Remember the movie ‘Dilli 6’. The feathers of Masakalli – the pigeon are tied as Om Puri wishes to retain the bird forever. In the same way, he stifles his own daughter too. She secretly mines a passion to sing in the ” Indian Idol”, but family resistance keeps her down. Nobody is happy this way. Only when Masakalli is untied and let free, does she scream into the air and fly away. The freer the bird, the higher it flies and the happier you are. Do not strangle the bird and choke yourself. Love it and let it fly. It is yours and always yours.

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Business, Marketing, Strategy

Does Apple have a self-imposed maximum market share limit?

Apple logoWith the kind of cult following that Macs have amongst their users, one would believe that Apple’s market share in the PC + Notebook category would be steadily on its way up, since their resurgence as a formidable player in the computer market in the early 2000s. Almost anybody who has made the move to a Mac (yours truly included!) swears by the fragile beasts, and wonders why they didn’t move earlier.

While Apple’s share has indeed gone up, it is still small in terms of volumes. Most of this is probably due to two strong factors – the premium pricing of all of their models – their range starts from $1000 – and the reluctance of the average consumer to shift to a completely new operating system. Apple sees the second one as more of a strength rather than a liability, as most of its users would agree, and would almost never tinker with what is essentially its USP – a robust OS which just sits there and lets you do what you want to without bothering you with random error messages and crashed programs.

What it can do, however, and no doubt would have been tempted to do, is tinker with its price range. It has already done that to an extent, in its June WorldWide Developers Conference, slashing prices of its high and mid-range MacBook Pro models. What is notable is that they have maintained the entry level pricing of $1000 for the white polycarbonate Mac constant. This seems like an attempt to lure current Mac users to trade up, rather than get new ones into the fold, which means that there is little change in market share. Apple has resisted temptations to enter the lower end of the market, steadfastly maintaining that it has no intentions of bringing out a netbook or a cheap laptop, saying that the lesser-than-optimal user experience with cramped keyboards and slower processors is not something they want to get into. This sounds like more of an excuse, though, for their current entry-level Macbook keyboard, although comfortable, definitely isn’t anything exceptional.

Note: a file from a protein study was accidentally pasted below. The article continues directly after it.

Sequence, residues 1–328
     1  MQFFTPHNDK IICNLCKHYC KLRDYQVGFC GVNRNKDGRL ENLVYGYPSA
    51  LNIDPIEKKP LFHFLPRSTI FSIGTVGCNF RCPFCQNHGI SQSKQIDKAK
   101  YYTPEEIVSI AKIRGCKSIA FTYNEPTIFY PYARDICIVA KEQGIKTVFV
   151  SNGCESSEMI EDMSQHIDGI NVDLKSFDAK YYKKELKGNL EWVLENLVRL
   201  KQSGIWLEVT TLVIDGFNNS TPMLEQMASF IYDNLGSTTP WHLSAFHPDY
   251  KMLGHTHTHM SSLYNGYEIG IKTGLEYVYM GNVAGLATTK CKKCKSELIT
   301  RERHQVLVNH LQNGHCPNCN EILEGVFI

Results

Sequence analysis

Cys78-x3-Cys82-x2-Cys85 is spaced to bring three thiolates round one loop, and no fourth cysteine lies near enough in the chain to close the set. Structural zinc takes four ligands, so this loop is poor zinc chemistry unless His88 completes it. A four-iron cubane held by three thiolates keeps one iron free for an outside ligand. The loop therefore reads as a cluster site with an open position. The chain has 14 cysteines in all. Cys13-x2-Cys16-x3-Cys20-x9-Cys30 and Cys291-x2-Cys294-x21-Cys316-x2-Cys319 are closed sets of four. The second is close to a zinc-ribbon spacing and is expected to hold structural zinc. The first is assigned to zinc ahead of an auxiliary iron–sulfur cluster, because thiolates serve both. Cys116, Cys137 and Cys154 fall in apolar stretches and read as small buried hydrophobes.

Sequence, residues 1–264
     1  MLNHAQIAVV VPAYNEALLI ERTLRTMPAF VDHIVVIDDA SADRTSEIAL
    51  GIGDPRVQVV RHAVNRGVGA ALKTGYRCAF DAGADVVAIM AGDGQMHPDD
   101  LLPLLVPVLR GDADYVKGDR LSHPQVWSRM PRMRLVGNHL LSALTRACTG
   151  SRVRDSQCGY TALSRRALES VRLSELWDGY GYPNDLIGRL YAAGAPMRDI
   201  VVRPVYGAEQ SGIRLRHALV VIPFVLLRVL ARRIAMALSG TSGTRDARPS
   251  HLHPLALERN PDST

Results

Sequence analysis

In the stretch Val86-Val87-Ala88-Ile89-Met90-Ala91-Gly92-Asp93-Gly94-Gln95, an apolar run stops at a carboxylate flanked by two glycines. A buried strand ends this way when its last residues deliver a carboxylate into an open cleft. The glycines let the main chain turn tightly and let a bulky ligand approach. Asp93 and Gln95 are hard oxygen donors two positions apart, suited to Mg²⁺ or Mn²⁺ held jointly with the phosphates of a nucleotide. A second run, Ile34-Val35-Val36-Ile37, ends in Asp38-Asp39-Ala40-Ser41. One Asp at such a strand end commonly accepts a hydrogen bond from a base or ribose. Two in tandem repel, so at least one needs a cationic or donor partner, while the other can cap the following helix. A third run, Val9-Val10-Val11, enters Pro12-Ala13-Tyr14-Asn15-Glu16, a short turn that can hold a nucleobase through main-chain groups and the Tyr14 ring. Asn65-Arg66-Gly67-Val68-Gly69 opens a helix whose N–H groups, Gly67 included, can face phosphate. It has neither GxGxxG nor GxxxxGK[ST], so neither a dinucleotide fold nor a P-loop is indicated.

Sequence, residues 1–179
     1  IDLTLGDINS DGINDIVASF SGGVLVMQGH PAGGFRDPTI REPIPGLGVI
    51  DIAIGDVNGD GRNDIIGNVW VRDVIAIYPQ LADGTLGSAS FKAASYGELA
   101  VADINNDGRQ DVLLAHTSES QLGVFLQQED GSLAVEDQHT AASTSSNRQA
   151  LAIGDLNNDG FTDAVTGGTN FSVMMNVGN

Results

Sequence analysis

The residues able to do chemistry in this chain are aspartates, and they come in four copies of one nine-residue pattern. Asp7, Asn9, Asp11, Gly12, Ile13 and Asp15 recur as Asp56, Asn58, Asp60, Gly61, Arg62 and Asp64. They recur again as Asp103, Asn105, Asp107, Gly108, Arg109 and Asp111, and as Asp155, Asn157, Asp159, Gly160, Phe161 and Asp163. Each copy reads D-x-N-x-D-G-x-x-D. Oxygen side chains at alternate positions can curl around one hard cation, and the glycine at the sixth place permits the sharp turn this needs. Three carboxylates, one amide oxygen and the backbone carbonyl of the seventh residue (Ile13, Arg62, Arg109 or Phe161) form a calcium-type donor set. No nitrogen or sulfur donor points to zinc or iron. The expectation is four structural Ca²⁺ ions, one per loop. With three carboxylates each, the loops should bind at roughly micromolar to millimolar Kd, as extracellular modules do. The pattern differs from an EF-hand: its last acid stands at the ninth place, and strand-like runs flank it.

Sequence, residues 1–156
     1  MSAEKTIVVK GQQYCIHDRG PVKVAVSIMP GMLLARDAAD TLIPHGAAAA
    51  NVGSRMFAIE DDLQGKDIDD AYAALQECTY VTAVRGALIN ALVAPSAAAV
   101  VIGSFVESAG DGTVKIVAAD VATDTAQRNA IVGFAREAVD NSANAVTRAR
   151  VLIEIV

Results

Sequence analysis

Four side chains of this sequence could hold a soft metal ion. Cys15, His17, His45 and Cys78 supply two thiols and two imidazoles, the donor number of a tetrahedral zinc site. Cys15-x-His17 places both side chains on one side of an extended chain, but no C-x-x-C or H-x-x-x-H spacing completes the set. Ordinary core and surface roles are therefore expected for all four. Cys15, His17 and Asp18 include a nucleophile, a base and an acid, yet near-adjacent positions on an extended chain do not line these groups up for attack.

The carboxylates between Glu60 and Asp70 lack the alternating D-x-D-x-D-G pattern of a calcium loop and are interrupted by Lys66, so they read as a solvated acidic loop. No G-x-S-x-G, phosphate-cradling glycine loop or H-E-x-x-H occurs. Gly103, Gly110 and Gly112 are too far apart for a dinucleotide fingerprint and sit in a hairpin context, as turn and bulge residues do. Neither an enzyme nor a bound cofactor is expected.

All of which makes one wonder – Does Apple have a self-imposed maximum market share limit? As scandalous as this may sound, can we put this kind of unconventional thinking beyond a company which has continued to surprise and wow gadget freaks for close to a decade? This seems to make perfect sense for several reasons. One of the reasons the Mac OS has been so successful is that it makes up too small numbers to attract the attention of evil coders with too much time on their hands, who’d rather play with Windows and watch as the world cringes. Change that, and you have a whole new headache to deal with, fixing each and every loophole in your OS, something which will undoubtedly come at the cost of further innovation, which Apple would rather like to spend its energy on. Macs work fine without any anti-virus software, and there seem to no known viruses in the wild which can create havoc with Macs so far. Try to cater to the lower end of the market, and you suddenly have a host of new problems, with only a marginal rise in profitability, due to the fiercely competitive and price sensitive nature of this market. Secondly, it’s rather tough to have a cult following and a fierce sense of ownership amongst your users if half the world also uses the same product, although the trade-off can be well worth it, as Apple saw with iPods. Third, Apple might be taking a conscious decision to maintain or improve profitability over topline growth, something which gives it a remarkable amount of breathing space in case things start going awry. Fourth, Apple would be wary of anti-trust litigation, after the hammering Microsoft got over crimes far less serious than what Apple pulls off with its OS. While there is no doubt that the Apple OS is a superlative piece of software engineering, it is as monopolistic as things could get.

Would it really be unthinkable to do this way? Would everybody, by default, prefer a larger, heavier, more cumbersome organization which has to put up wall after wall of defenses to stave off threats, whether it’s evil coders or government watchdogs, living off small margins and having to deal with a billion different suppliers and dealers and what-not? Maybe Apple does not limit its innovation to merely the design of its products, but extends it, or rather, lives by it in all facets of business. Maybe the real innovation is here, in their business model, rather than in their superlative products.